No one has said that 'couple' is like 'police.' 'Police' is always plural; 'couple' is sometimes plural.
However, 'couple' is usually plural with a verb like 'talk,' which is normally an individual action.
>>The couple talks or the couple talk.
>>Either one is correct.
But with the verb 'talk,' the latter is much more common. It's harder to think of situations in which talking would be done by them together as a unit, rather than one at a time individually. Maybe when it's a generic couple rather than a particular couple, and/or both of them talking to a third party: Before the wedding, the couple usually talks to the minister in detail about what will happen in the ceremony. But even that sounds a bit strange to me; I would lean more toward 'talk,' because they don't speak in unison.
>>"Are any people here now? A couple are here already."
This is a different meaning of the word 'couple,' like 'paar' with a small P: Ja, ein paar / zwei schon.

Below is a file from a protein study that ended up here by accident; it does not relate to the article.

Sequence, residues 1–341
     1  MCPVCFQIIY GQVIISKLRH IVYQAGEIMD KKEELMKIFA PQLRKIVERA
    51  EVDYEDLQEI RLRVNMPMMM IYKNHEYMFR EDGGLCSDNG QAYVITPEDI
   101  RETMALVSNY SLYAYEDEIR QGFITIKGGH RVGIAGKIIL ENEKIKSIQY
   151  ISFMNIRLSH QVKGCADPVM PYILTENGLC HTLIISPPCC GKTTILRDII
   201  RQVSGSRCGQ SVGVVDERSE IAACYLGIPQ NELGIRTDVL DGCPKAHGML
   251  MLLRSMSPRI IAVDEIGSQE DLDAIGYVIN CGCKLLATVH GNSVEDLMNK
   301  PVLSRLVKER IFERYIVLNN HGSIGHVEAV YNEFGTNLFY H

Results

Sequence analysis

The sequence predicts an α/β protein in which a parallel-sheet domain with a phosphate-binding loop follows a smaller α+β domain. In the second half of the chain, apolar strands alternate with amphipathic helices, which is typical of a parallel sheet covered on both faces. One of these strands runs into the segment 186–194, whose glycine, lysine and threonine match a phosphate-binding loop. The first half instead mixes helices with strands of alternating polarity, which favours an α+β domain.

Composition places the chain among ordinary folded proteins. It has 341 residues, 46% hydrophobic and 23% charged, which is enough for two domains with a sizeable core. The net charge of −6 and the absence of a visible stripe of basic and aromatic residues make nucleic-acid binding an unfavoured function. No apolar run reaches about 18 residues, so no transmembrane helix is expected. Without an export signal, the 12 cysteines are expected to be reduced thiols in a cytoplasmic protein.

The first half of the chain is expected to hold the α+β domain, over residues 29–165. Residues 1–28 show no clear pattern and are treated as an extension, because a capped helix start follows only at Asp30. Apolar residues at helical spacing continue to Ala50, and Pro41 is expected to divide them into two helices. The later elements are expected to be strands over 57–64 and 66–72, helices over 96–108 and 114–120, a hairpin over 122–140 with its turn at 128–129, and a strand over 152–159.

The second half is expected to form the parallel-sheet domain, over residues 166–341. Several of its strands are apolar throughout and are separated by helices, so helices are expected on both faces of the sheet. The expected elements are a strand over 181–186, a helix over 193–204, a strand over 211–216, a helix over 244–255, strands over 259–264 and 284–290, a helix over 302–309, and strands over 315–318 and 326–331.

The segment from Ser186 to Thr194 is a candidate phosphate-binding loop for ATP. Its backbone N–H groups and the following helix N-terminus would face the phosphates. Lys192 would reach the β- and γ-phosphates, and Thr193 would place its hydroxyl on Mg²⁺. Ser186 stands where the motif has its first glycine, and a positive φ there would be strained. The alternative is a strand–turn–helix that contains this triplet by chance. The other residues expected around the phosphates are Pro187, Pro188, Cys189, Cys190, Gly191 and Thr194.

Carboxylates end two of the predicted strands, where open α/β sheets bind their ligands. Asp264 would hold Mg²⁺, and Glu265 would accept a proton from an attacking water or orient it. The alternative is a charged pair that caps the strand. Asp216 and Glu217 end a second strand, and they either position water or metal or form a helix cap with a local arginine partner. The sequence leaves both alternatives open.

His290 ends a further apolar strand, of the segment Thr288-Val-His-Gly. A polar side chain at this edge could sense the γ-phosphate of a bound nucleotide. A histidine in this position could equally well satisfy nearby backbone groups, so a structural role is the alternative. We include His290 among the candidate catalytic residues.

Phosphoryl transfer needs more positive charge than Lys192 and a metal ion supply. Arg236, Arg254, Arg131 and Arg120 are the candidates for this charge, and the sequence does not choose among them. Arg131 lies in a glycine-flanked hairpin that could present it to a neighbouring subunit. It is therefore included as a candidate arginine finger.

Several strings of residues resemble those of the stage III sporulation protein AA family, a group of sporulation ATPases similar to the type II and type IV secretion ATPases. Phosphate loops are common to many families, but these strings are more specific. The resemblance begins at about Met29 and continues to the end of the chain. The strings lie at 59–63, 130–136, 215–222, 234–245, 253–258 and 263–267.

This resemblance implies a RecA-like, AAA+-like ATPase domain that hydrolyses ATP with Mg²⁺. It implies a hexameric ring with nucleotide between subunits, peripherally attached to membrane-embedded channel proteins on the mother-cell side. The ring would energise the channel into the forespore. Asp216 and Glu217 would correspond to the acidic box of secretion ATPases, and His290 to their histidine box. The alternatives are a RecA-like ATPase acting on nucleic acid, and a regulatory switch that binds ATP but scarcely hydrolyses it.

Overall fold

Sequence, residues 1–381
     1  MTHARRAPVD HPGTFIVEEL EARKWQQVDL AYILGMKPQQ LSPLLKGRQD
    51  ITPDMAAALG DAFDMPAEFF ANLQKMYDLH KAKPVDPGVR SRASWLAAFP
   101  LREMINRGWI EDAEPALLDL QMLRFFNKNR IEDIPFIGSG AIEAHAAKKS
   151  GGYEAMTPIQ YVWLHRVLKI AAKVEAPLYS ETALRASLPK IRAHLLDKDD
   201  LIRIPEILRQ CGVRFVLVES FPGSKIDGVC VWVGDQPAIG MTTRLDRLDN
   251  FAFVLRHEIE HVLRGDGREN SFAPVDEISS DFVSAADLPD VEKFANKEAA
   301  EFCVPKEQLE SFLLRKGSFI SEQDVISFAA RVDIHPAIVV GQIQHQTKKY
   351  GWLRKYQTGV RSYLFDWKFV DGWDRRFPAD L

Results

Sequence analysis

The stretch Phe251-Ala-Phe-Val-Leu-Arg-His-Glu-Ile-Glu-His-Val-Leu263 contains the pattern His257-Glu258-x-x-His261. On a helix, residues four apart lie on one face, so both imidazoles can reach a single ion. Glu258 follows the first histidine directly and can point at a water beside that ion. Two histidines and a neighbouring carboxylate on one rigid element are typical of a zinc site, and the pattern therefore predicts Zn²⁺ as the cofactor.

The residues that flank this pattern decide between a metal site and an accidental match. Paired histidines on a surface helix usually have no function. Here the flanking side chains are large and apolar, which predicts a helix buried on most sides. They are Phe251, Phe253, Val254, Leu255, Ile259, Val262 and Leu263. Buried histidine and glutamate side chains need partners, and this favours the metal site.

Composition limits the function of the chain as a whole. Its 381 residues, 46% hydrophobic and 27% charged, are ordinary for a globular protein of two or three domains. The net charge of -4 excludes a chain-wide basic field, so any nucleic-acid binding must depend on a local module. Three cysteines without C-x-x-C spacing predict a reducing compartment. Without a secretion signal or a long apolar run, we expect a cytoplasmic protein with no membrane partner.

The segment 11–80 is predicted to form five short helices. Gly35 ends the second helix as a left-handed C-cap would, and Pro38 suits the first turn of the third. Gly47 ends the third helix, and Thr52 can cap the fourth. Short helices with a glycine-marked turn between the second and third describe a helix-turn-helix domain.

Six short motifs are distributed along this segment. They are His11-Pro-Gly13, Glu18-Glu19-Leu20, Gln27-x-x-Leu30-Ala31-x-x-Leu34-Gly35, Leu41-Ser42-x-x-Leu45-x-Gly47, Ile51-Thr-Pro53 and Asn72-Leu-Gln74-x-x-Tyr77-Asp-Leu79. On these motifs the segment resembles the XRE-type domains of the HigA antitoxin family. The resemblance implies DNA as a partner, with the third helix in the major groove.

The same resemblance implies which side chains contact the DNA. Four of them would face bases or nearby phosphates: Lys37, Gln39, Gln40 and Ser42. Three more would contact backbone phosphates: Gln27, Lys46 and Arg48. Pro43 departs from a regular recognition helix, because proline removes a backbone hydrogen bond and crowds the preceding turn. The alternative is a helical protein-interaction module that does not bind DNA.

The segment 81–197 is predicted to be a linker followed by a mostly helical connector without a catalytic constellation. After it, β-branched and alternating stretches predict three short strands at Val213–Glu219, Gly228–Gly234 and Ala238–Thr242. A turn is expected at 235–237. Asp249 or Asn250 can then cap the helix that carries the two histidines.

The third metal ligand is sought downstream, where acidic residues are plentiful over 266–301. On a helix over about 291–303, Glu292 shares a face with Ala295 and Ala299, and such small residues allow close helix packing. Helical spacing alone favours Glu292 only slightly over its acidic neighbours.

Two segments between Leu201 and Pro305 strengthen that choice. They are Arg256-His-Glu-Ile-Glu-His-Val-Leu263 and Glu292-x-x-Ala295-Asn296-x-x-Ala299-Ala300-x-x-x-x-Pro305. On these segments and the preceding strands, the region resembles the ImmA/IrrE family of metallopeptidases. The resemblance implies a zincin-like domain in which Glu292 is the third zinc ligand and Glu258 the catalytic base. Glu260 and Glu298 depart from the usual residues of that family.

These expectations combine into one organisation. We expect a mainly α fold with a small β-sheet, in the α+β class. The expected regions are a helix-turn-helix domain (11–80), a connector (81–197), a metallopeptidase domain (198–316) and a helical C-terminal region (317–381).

Here's a similar sentence with the meaning we were talking about, 'couple' in the sense of Paar with a capital P:
Are any people here now? Yes, one couple is already here.
Here they're also being considered as a unit, a group of two doing one action (being present). However, you could also say 'are' if you regarded them as two individuals, or if in your mind you were thinking 'Both of them are here.' (Because 'both 'is always plural in English, another surprise to many learners.) In this case, either verb is right, they just express a slightly different perspective.
>>"The wedding couple are going to spend their honeymoon in Las Vegas."
>Sounds plain wrong to me. The wedding couple is going to...
Oh? And just how would you finish that, then? Spend its honeymoon? I don't think so. Here the emphasis is clearly on them as people, not as a social unit. Again, look at MikeE's example. If 'it' does not make sense in the rest of the sentence, you cannot use the singular. If it makes sense to use 'their,' you need to use the plural.
English is just different than German when it comes to singular/plural agreement. Some nouns behave like German, but others do not. Again, please be sure to look in the archive if any of this is surprising to you; we've discussed all this at length before.